People and Events

POSTED ON: September 13, 2016

It is my pleasure to bring you all together to launch the new academic year. It is great to see the familiar faces of returning students and faculty, but it’s also a moment of welcoming to the new students—our first year students, transfers, our one-semester guests as well as our new faculty, all of whom promise to bring transformations to the conversation at Cooper. I want to thank Monica Shapiro and Robyn Fitzsimmons for helping to get us launched, with what is a good deal of work over the summer and a marathon session for the registration process.

Our new faculty include Benjamin Aranda, Michael Morris, and Stephanie Lin who are teaching in the first year, Sean Canty in the second year and Maria Gonzalez Pendas in the third year, Powell Draper for Structures IV, John Maass for Construction Management, and Lauren Kogod who is returning to teach thesis in a slightly revised format. I look forward to collaborating with them all closely.

We are looking forward to a great line-up of events this fall. As part of our ongoing collaboration with the Architectural League of New York, we will be hosting Alejandro Aravena on the 22nd of September, followed by Giancarlo Mazzanti, Solano Benitez, and Tatiana Bilbao towards the end of the semester.

This lecture series will be paralleled by our own in-house series, with Mutsuro Sasaki, Tod Williams and Billie Tsien, and Mark West. The student lecture series is also being formed currently, so be on the lookout for some other significant names to this line-up!

More strategically, I have also asked a few architects and scholars to make impromptu visits for talks. On October 25th Lewis Tsurumaki Lewis will speak about their book, Manual of Section. Though this is especially interesting for the third year studio, I think their encounter with analytical drawings should offer critical content for the entire student body. Vicente Guallart and Marcelo Spina will also be joining us for a roundtable of joint presentations in the middle of the semester; both significant advocates of contemporary ways of working, Guallart led the IAAC for many years, while Spina has been teaching in SCI-Arc and running his practice PATTERNS in collaborations with Georgina Huljich.

In tandem with this, our exhibition series as organized with Steven Hillyer, will feature the work of Matsuro Sasaki, who will also lecture on September 19th. In a similar vein, LTL will also be presenting their work on the Manual of Section through an exhibition. In October, we will be opening up the Houghton Gallery to the Spanish Biennale, as it makes its debut in the United States.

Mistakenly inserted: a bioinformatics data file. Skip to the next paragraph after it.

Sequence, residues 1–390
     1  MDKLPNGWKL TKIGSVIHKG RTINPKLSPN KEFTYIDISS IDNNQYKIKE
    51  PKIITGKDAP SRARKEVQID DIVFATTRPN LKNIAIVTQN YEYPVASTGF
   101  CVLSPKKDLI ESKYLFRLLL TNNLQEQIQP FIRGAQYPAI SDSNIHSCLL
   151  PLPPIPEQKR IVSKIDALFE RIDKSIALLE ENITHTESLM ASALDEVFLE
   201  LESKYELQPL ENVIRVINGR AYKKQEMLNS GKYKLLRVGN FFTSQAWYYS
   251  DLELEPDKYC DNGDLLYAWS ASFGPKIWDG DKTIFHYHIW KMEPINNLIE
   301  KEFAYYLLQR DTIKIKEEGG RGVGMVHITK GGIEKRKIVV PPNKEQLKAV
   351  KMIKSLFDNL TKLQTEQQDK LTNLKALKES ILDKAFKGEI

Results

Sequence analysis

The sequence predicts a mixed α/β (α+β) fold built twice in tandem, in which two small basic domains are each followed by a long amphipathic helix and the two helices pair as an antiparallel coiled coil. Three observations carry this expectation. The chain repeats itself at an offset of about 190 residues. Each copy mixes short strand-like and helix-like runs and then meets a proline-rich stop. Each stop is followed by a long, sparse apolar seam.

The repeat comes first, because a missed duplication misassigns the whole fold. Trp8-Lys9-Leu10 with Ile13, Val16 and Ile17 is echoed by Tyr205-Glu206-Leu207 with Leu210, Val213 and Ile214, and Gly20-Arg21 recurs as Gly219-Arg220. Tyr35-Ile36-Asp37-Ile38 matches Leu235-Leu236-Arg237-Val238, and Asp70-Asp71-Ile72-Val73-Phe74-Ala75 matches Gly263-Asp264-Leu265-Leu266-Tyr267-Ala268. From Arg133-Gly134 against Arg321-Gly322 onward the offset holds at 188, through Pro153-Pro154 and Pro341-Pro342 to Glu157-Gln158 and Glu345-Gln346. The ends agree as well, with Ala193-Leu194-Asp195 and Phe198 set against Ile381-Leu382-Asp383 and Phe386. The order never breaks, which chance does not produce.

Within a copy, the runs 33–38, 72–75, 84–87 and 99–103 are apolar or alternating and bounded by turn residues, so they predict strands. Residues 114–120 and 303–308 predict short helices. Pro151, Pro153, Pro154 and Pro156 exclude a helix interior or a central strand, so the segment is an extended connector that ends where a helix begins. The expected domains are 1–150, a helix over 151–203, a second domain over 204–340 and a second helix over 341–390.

Meanwhile, we will also be having a series of pop-up events in the third floor gallery, organized by Lauren Kogod and the thesis students. The thesis projects will offer the opportunity for the entire school to participate in its formation as a public process, as a dialogue amongst students and faculty alike and as a commitment to the discursive nature that surrounds the architectural discipline.

For the first time, the School of Architecture is also transforming some of its pedagogical plans, most concretely in the third year, where we will be expanding the Analysis Studio to include a trip to the very location of the buildings being analyzed—this as an opportunity to envision how these buildings, beyond their architectural description, contain a life that is the result of cultural, social and economic forces that are not readily available to the eye on formal readings. This year, we have selected Mexico City as a trial run and we are lucky to have Maria Gonzalez Pendas, a scholar on the work of Felix Candela, who has written a good deal on the relationship between his work, and the relationship between labor, material availability, and the structural speculations that are part of that work. She has been central to the preparation of this trip, and the expansion of the semester. I have asked the third year students to consider sharing their findings in Mexico City in the form of a lecture for the entire school, upon their return.

  • Founded by inventor, industrialist and philanthropist Peter Cooper in 1859, The Cooper Union for the Advancement of Science and Art offers education in art, architecture and engineering, as well as courses in the humanities and social sciences.

  • “My feelings, my desires, my hopes, embrace humanity throughout the world,” Peter Cooper proclaimed in a speech in 1853. He looked forward to a time when, “knowledge shall cover the earth as waters cover the great deep.”

  • From its beginnings, Cooper Union was a unique institution, dedicated to founder Peter Cooper's proposition that education is the key not only to personal prosperity but to civic virtue and harmony.

  • Peter Cooper wanted his graduates to acquire the technical mastery and entrepreneurial skills, enrich their intellects and spark their creativity, and develop a sense of social justice that would translate into action.